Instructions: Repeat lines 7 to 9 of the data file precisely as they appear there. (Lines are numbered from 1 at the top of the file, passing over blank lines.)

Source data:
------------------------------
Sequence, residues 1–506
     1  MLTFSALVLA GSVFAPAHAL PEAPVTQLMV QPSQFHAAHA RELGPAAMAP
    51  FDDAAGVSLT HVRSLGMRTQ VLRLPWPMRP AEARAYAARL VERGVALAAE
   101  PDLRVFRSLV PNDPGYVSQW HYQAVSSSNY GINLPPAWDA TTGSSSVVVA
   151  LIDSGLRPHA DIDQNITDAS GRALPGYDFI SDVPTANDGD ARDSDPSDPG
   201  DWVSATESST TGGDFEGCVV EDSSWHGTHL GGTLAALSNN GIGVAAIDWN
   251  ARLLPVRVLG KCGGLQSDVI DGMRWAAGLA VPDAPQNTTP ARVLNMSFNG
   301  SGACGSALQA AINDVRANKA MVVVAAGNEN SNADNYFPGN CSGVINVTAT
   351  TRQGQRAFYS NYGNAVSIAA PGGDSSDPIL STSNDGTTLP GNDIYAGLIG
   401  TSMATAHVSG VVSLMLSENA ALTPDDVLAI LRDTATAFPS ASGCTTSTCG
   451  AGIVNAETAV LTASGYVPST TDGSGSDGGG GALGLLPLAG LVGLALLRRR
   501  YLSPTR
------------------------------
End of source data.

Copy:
   251  ARLLPVRVLG KCGGLQSDVI DGMRWAAGLA VPDAPQNTTP ARVLNMSFNG
   301  SGACGSALQA AINDVRANKA MVVVAAGNEN SNADNYFPGN CSGVINVTAT
   351  TRQGQRAFYS NYGNAVSIAA PGGDSSDPIL STSNDGTTLP GNDIYAGLIG